Amsterdam, The Netherlands

Glass, Silver Napkin Rings 8992-2648

 335,00 VAT incl. (where applicable)

These stylish mid 20th century (1950-1970) napkin rings features 77gms glass crafted in 925′ silver. Thomas D Pannett & Son London 1945.

In stock

Details: 77gms glass, silver Napkin Rings, Thomas D Pannett & Son London 1945.
Dispatches from a small business in Amsterdam, The Netherlands.
Dimensions: H 3 x 5 cm.
Weight in grams: 77.
Condition: Excellent condition – barely used with minimal signs of wear.

Design Area

Area Information

The 1950s were a time of great cultural and technological change, marked by the emergence of rock 'n' roll, the birth of the "Beat" Generation, the launch of Sputnik, and the beginning of the space race. These events, and the knowledge that the world was living in a nuclear age, contributed to the development of an aesthetic known as the "Atomic Age," which was reflected in various aspects of design, including jewelry.
In 1947, Christian Dior introduced a new look in fashion that brought back a more feminine silhouette, rejecting the somber styles that had been popular during wartime. This new look, featuring a fitted bodice and décolleté neckline atop a full skirt flowing out from a tight-fitted waistline, called for a revised design aesthetic for the jewelry and accessories that accompanied it. Jewelry during this time was characterized by a trend towards more elaborate and ornate pieces, with the phrase "the more the merrier" seeming to apply.
To complete this elegant and stylish look, diamonds set in platinum were often worn across the feminine décolletage and on the ears, which were newly revealed by upswept hair held in place by diamond clips. The DeBeers Diamond Corporation ensured that the demand for diamonds would not wane with their "A Diamond is Forever" campaign, which promoted the use of diamonds at all income levels, particularly the rapidly growing middle class. They also cleverly awarded prizes to jewelers worldwide who incorporated beauty, design, function, and diamonds into their modern compositions.

Materials

Material Information

silver

Silver is a white metallic element that is known for its excellent conductivity of heat and electricity. It is represented on the periodic table of elements by the symbol Ag, and it is a member of the noble metals, which are known for their excellent resistance to oxidation.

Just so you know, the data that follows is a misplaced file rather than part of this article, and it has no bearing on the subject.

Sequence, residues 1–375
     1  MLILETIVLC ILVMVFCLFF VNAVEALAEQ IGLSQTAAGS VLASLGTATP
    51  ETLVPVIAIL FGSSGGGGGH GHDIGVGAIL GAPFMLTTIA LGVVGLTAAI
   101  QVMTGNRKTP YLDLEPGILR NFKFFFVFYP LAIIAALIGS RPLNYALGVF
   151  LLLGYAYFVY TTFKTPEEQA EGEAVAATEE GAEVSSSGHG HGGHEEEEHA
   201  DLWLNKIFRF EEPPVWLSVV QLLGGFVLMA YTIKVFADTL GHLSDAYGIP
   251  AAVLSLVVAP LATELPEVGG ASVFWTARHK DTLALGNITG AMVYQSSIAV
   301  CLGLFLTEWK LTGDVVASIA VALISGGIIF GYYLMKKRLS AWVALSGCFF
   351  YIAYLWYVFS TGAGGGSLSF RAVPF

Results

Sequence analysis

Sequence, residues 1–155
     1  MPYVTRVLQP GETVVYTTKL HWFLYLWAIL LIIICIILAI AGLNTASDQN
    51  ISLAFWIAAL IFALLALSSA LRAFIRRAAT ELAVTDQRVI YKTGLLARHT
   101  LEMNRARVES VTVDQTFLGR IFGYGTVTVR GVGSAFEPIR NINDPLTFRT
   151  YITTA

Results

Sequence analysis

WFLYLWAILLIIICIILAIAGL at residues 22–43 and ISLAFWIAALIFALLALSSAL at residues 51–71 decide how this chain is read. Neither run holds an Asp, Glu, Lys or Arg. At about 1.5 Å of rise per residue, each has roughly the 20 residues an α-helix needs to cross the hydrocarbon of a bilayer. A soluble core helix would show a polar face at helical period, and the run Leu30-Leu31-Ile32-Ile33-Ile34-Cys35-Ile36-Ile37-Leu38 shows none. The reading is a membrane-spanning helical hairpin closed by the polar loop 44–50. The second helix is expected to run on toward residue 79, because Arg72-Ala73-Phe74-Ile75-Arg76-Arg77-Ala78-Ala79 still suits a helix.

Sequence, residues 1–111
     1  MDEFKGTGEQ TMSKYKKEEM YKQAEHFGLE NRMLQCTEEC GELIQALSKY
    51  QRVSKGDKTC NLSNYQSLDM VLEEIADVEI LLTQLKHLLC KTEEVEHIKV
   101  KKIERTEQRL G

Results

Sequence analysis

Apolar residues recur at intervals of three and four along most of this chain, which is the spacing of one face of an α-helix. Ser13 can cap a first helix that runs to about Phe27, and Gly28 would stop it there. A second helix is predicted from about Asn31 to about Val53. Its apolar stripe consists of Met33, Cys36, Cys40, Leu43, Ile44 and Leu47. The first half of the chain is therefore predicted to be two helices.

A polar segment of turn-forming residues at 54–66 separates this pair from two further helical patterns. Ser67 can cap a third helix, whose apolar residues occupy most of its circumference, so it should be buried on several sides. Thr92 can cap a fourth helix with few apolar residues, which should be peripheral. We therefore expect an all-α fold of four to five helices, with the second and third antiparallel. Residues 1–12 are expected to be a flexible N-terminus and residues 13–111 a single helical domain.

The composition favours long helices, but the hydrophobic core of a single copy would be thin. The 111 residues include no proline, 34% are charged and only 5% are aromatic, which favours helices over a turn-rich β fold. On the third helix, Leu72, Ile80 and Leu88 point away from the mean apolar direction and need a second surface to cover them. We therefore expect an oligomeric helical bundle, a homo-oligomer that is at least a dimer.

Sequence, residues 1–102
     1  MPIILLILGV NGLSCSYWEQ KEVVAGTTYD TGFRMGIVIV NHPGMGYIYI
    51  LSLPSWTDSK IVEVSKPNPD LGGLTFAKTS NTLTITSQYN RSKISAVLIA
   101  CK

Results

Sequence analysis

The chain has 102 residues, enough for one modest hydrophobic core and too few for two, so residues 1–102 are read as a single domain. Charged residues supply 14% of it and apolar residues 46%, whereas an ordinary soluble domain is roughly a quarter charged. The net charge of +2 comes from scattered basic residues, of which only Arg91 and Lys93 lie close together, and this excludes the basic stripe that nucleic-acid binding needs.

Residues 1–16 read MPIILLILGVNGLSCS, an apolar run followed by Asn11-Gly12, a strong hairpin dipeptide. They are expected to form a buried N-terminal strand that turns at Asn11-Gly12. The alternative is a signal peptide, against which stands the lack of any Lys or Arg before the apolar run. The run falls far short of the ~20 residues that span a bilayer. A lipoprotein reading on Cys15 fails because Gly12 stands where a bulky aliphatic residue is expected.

Silver is a relatively soft metal, with a hardness that is intermediate between gold and copper. It is more malleable and ductile than gold, which means that it can be easily shaped and molded into various forms. However, it is not as hard as copper, which means that it is more prone to scratches and other types of damage.

Because of its softness, silver is usually alloyed with another metal to harden it enough to maintain the desired shape and details when it is used in jewelry and other decorative objects. This helps to give it the necessary strength and durability for use in these types of applications.

Throughout history, silver has played a prominent role in the production of jewelry and objets d'art. It is prized for its beauty and versatility, and it is often used in a wide variety of different types of jewelry, including rings, earrings, pendants, and bracelets. It is also used in decorative objects, such as candlesticks, vases, and other decorative items.

glass

Glass is a transparent, amorphous (non-crystalline) solid material that is made from silica (silicon dioxide) and other additives. It has a wide range of practical, technological, and decorative uses, including window panes, tableware, and optoelectronics.

There are many different types of glass, but the most common and familiar type is soda-lime glass, which is made from approximately 75% silicon dioxide (SiO2), sodium oxide (Na2O), calcium oxide (CaO), and minor additives. Soda-lime glass is used to make ordinary glazing and container glass, and it is known for its clarity and durability.

Pure silica can be used to make a very clear and durable quartz glass, but it is more difficult to work with due to its high melting temperature. Other types of glass, such as borosilicate glass and tempered glass, are made with different additives and manufacturing processes to improve their properties for specific applications.

Glass has a long history of use, dating back to ancient civilizations. It is a versatile and widely used material that has played a significant role in the development of modern society.

Dimensions

H 3 x 5 cm

Weight (in grams)

77

Condition

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